Spring Causes Change of Plans On Quebec-Labrador Journey

Almost a year ago, in June 2023, Justin Barbour set out to canoe, snowshoe, and trek 3,800km from Hudson Bay in northeastern Canada down to the southernmost point on the island of Newfoundland. He wanted to finish in a year and has mostly stayed on schedule, despite some setbacks and a recent route change.

We last covered Barbour in early January when he exited the canvas tent in northern Quebec to hit the trail again. He’d stayed in place for a few weeks until winter froze the creeks, lakes, and rivers, making travel possible again.

Strapping on his snowshoes and dragging a traditional toboggan, he set off again on January 4. Heading south, he covered 207km over the next 38 days, eventually arriving at the small community of Schefferville.

barbour map

A map of Barbour’s route. The star shows his mid-March location. He reached the yellow X last week. Photo: Justin Barbour

Extreme cold and plenty of snow

From Schefferville, he continued across the border into Newfoundland and Labrador. Before he set off, Barbour told us that this manhauling stage might be the toughest section of the entire route.

From his occasional updates, his prediction looks accurate. Barbour reported extreme cold, with temperatures as low as -42°C, and some stormy weather.

“[I’ve been] blasted with several major snow storms…and nearly lost the tent to a sudden…wind squall,” he wrote in mid-February.

A month later, in mid-March, he took a break from Labrador’s interior. “After 230km in 22 days from Schefferville, I dragged the ol’ sled out to the Trans-Labrador Highway on Friday, just west of Churchill Falls,” Barbour wrote.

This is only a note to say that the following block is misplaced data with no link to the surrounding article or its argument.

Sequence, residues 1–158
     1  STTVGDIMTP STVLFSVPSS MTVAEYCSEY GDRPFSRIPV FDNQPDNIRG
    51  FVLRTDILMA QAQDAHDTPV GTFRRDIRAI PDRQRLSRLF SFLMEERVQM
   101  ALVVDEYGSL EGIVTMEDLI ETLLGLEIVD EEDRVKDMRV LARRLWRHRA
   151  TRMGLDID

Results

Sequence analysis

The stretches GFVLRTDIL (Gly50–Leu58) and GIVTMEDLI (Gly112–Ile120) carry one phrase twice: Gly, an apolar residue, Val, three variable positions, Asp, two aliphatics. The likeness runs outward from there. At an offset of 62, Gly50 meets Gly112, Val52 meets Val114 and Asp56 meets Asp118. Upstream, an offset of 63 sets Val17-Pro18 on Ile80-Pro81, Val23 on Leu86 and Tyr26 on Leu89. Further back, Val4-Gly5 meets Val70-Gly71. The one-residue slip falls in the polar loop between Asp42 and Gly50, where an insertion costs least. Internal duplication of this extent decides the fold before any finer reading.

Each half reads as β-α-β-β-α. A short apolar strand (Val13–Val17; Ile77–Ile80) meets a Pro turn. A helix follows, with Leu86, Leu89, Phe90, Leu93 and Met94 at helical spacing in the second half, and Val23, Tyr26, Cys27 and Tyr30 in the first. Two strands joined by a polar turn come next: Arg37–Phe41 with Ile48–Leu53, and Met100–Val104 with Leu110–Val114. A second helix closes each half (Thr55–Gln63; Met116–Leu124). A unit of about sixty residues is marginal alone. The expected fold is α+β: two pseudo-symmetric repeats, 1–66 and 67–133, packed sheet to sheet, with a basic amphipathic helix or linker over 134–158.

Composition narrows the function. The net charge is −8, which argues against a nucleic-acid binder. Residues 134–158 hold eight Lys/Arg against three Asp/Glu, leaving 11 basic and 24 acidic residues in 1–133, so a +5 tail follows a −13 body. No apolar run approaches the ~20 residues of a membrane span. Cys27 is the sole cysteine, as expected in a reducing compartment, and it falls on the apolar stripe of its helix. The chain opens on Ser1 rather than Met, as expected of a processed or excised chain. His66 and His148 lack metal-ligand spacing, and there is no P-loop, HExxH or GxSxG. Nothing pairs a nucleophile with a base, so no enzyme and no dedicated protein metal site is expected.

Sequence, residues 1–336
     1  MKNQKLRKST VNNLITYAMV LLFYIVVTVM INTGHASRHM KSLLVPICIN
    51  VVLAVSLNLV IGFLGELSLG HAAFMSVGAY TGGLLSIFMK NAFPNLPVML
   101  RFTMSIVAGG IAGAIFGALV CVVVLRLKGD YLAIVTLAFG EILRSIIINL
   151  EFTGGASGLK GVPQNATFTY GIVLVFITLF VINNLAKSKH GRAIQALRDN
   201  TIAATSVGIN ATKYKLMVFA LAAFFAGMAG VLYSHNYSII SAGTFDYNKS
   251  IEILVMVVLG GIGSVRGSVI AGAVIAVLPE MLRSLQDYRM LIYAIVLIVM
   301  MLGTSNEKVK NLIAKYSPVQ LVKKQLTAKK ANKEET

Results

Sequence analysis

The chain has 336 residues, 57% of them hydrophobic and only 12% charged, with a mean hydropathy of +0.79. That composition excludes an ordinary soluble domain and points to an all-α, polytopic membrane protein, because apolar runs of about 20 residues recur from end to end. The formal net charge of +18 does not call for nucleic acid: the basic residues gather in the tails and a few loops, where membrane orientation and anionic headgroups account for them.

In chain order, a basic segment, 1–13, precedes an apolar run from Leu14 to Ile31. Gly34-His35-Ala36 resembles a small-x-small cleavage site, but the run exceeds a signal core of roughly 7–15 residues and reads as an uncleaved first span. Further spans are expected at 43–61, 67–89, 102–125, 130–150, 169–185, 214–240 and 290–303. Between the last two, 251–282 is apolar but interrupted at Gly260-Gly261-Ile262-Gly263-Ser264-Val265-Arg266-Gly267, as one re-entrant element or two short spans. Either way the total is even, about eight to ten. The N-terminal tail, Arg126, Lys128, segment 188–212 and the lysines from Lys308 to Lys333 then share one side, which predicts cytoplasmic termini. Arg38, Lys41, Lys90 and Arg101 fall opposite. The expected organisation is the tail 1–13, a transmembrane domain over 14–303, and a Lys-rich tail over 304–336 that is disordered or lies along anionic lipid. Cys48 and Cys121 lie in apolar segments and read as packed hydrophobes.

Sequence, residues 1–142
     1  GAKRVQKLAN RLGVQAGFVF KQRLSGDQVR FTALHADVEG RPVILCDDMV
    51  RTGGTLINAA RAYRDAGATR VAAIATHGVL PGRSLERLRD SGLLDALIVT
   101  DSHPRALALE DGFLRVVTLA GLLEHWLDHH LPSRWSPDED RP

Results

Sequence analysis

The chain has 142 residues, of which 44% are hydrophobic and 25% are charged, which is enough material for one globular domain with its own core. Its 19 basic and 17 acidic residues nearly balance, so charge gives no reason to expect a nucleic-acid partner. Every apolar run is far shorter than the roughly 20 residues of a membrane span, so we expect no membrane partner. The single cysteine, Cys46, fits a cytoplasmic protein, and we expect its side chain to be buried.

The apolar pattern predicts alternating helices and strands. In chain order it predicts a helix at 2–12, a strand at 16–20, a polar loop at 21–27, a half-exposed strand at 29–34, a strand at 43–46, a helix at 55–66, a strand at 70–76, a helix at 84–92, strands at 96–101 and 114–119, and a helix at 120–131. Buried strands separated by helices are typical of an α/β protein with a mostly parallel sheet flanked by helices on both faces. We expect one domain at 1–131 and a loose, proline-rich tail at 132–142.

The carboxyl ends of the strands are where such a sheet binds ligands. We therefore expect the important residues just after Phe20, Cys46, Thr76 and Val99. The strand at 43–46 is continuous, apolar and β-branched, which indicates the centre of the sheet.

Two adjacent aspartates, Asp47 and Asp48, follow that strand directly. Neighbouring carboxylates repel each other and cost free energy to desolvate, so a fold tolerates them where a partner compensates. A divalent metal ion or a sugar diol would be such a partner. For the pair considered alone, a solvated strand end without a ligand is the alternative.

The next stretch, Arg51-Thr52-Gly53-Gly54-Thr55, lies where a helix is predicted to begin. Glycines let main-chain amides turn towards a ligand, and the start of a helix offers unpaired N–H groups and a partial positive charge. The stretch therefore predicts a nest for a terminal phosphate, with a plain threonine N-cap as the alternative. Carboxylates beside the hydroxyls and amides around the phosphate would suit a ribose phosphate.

There, he reunited with his wife for the first time in four months, ending the second half of his expedition’s winter leg.

Justin Barbour and his wife, Heather.

Justin Barbour and his wife, Heather. Photo: Justin Barbour


After a few days off Barbour was back in his snowshoes and marching south-east. “Atikonak Lake it is. Big Land skies! 424km to next goal. Tricky route ahead as wilderness tightens,” he wrote in a brief GPS update on March 27. His next check-in, on April 10, suggested things might be getting tricky: “Little Mecatina River now. But nature is heating up.”

Swapping out the snowshoes

Next came a surprise announcement of a major change of plan. Barbour had doubled back to the highway and traded in his snowshoes and sled for a bicycle.

“Been interesting times folks! Just solo bikepacked 1,150km across Trans-Labrador Highway…there’s a longer grind of a story to it. But in brief, spring struck hard, my river roadway for tobogganing burst open, and being too restless to wait a month for lakes to ice out enough for a canoe, I adapted. Pedaling in-between seasons kept momentum going and the expedition close to on schedule,” Barbour wrote on Facebook.

Justin Barbour and his bike.

Barbour during the unplanned bikepacking leg. Photo: Justin Barbour


Now reunited with his dog Saku, Barbour’s next stretch will involve backpacking through the woods of Newfoundland’s Great Northern Peninsula for 300km. He has roughly 1,000km remaining to his endpoint on Newfoundland’s southern coast. He hopes to arrive by July 6.

Martin Walsh

Martin Walsh is a writer and editor for ExplorersWeb.

Martin has been writing about adventure travel and exploration for over five years.

Martin spent most of the last 15 years backpacking the world on a shoestring budget. Whether it was hitchhiking through Syria, getting strangled in Kyrgyzstan, touring Cambodia’s medical facilities with an exceedingly painful giant venomous centipede bite, chewing khat in Ethiopia, or narrowly avoiding various toilet-related accidents in rural China, so far, Martin has just about survived his decision making.

Based in Da Lat, Vietnam, Martin can be found out in the jungle trying to avoid leeches while chasing monkeys.